Phase II Trial of Sunitinib (SU011248) in Patients With Recurrent or Inoperable Meningioma
The purpose of this study is to find out what effects, good and/or bad, sunitinib has on patients and their tumors. At this time, no drugs are routinely used to treat meningioma, hemangioblastoma or hemangiopericytoma. Only surgery and radiation therapy are known to be useful.
Sunitinib is a drug approved for advanced kidney cancer. Sunitinib is also being studied for other tumors. It may be useful in the treatment of brain tumors because it can prevent formation of new blood vessels that allow tumor cells to survive and grow.
|Study Design:||Endpoint Classification: Safety/Efficacy Study
Intervention Model: Single Group Assignment
Masking: Open Label
Primary Purpose: Treatment
|Official Title:||Phase II Trial of Sunitinib (SU011248) in Patients With Recurrent or Inoperable Meningioma|
- To evaluate the activity of sunitinib in patients with recurrent meningiomas as measured by 6-month progression-free survival. [ Time Frame: 1.5 years ] [ Designated as safety issue: No ]
- To describe the response rate, median-time-to-progression and overall survival in this patient population; To evaluate the safety of sunitinib in patients with recurrent meningiomas. [ Time Frame: 1.5 years ] [ Designated as safety issue: Yes ]
- To evaluate the safety of sunitinib in patients with recurrent meningiomas. [ Time Frame: 1.5 years ] [ Designated as safety issue: Yes ]
- To develop exploratory data correlating response to the molecular phenotype of the tumor. [ Time Frame: 1.5 years ] [ Designated as safety issue: No ]
- To develop exploratory data correlating serum angiogenic peptides and Dynamic Contrast Enhanced (DCE)-MRI with outcomes. [ Time Frame: 1.5 years ] [ Designated as safety issue: No ]
|Study Start Date:||October 2007|
|Estimated Study Completion Date:||October 2014|
|Estimated Primary Completion Date:||October 2014 (Final data collection date for primary outcome measure)|
Sunitinib will be administered at a dose of 50 mg orally once daily for four consecutive weeks, followed by a two-week rest period. Intra-patient dose reduction may be required depending on the type and severity of individual toxicity encountered. Imaging studies will be performed after every other cycle. Patients may continue on study as long as they are tolerating treatment and in the absence of disease progression.
The study drug will be administered on an outpatient basis. The starting dose will be 50 mg daily for 28 days (4 consecutive weeks) followed by 14 days off for patients not on CYP3A4 inducers or inhibitors. A cycle equals 42 days.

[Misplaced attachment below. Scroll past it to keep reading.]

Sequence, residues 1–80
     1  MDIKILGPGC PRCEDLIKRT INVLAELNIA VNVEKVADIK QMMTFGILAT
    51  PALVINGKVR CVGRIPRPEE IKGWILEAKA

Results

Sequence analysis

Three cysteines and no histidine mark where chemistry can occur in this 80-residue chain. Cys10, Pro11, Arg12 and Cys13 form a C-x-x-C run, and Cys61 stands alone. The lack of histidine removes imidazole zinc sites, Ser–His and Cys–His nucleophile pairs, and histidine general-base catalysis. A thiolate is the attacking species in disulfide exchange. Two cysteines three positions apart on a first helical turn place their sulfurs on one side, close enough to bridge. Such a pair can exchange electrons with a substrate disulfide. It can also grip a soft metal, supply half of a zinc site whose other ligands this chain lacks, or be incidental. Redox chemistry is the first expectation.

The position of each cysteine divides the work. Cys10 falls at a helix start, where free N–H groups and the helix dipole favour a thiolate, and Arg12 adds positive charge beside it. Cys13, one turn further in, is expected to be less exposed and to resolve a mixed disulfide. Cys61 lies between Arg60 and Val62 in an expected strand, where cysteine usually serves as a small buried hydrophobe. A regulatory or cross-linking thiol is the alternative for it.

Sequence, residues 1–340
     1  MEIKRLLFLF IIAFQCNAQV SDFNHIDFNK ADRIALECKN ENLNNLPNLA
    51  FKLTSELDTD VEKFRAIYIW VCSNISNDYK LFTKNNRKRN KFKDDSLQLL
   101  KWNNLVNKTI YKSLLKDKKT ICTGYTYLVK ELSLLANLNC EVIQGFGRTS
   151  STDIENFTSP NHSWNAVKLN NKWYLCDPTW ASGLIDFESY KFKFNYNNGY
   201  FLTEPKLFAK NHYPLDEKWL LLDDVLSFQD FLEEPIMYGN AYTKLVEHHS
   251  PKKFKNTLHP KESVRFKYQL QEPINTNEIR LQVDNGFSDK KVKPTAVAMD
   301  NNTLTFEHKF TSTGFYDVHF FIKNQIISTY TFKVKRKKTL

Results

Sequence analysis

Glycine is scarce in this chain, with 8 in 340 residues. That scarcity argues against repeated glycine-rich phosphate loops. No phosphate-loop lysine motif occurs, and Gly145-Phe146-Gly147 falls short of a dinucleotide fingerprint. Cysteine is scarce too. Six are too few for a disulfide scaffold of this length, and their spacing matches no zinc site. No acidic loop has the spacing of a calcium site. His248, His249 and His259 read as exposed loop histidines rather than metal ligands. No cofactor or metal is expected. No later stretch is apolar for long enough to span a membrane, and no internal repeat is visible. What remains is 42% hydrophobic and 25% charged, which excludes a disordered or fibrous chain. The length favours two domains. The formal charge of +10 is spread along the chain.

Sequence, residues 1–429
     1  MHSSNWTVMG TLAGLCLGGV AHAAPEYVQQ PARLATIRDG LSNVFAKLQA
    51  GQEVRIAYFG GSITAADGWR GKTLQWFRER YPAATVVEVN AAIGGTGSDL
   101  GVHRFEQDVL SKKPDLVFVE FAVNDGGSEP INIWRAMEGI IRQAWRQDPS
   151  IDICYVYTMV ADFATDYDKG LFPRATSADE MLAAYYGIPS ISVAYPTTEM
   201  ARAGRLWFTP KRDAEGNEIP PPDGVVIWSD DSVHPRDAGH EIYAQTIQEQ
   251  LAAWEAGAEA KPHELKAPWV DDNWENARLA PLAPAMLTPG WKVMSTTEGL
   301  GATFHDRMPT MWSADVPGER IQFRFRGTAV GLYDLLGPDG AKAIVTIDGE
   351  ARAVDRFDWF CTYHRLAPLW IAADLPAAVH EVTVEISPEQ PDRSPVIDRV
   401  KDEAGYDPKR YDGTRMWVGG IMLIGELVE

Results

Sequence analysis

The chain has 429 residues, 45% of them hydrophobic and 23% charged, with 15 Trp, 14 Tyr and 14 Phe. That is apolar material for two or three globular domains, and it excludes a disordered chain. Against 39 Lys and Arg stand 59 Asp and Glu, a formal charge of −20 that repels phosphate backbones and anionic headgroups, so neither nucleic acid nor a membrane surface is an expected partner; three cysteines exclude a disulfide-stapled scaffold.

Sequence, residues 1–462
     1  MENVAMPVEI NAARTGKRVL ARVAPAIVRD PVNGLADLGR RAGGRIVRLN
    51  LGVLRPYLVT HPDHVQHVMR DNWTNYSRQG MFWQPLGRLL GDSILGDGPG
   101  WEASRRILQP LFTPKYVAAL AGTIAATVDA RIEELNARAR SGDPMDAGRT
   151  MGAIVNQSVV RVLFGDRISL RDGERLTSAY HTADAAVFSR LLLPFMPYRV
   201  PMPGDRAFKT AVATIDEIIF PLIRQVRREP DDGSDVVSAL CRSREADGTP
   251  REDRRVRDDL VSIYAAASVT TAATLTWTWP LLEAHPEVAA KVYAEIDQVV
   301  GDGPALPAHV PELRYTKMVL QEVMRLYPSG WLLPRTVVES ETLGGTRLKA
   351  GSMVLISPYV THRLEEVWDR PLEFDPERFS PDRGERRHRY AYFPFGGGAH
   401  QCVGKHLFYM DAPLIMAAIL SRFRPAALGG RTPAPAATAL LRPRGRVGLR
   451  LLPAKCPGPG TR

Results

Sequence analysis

This is a phase II study of Sunitinib in patients with recurrent or inoperable meningiomas. An exploratory study will be performed for patients with recurrent hemangiopericytoma or hemangioblastoma. There will be approximately 50 patients enrolled on this study (40 meningiomas and 10 hemangiopericytomas/hemangioblastomas). The treatment plan is to use daily SU11248 at a dose of 50 mg, using the established schedule of 4 weeks of treatment followed by two weeks of rest period, forming a six-week treatment cycle. A medical professional will see each patient at least every six weeks while on the medication for toxicity assessment and physical examination. Extent of disease evaluations will occur at baseline, two weeks, twelve weeks, 24 weeks, and every twelve weeks thereafter. These evaluations will include MRI of the brain (or CT head if a patient cannot undergo MRI) and MR perfusion.
|United States, Massachusetts|
|Dana Farber Cancer Institute|
|Boston, Massachusetts, United States, 02115|
|United States, New Jersey|
|Memoral Sloan Kettering Cancer Center|
|Basking Ridge, New Jersey, United States|
|United States, New York|
|Memorial Sloan-Kettering Cancer Center at Commack|
|Commack, New York, United States, 11725|
|Memorial Sloan-Kettering Cancer Center|
|New York, New York, United States, 10065|
|United States, Pennsylvania|
|University of Pittsburgh Medical Center|
|Pittsburg, Pennsylvania, United States|
|United States, Virginia|
|University of Virginia Health Science Center|
|Charlottesville, Virginia, United States, 22908|
|Principal Investigator:||Thomas Kaley, MD||Memorial Sloan-Kettering Cancer Center|